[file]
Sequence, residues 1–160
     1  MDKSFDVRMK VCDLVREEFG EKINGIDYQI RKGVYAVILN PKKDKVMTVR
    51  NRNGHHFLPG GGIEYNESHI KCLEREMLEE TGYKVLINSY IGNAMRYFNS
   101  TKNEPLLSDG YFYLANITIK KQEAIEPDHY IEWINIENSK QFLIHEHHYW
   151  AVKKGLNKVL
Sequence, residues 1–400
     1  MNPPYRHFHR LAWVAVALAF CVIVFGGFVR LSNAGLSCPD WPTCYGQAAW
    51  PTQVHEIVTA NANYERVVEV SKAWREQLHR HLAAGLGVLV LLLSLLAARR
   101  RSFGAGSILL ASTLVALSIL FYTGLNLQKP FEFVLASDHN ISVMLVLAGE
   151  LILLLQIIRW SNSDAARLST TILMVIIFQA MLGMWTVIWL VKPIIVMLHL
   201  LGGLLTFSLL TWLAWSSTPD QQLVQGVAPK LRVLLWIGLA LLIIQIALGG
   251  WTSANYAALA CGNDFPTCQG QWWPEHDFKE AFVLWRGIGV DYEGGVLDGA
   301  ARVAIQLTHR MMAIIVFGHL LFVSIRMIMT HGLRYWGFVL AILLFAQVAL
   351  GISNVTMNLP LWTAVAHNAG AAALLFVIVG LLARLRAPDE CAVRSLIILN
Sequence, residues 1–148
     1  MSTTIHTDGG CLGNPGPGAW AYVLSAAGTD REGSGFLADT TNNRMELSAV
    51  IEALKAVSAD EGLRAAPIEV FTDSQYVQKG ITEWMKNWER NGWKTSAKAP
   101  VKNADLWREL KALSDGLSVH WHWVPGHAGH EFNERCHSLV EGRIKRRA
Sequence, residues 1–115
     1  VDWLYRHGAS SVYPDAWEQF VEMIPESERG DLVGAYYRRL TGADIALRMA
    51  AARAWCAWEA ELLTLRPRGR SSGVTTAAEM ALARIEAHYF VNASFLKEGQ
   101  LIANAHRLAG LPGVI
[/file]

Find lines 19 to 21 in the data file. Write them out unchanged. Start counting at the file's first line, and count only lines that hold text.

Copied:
Sequence, residues 1–115
     1  VDWLYRHGAS SVYPDAWEQF VEMIPESERG DLVGAYYRRL TGADIALRMA
    51  AARAWCAWEA ELLTLRPRGR SSGVTTAAEM ALARIEAHYF VNASFLKEGQ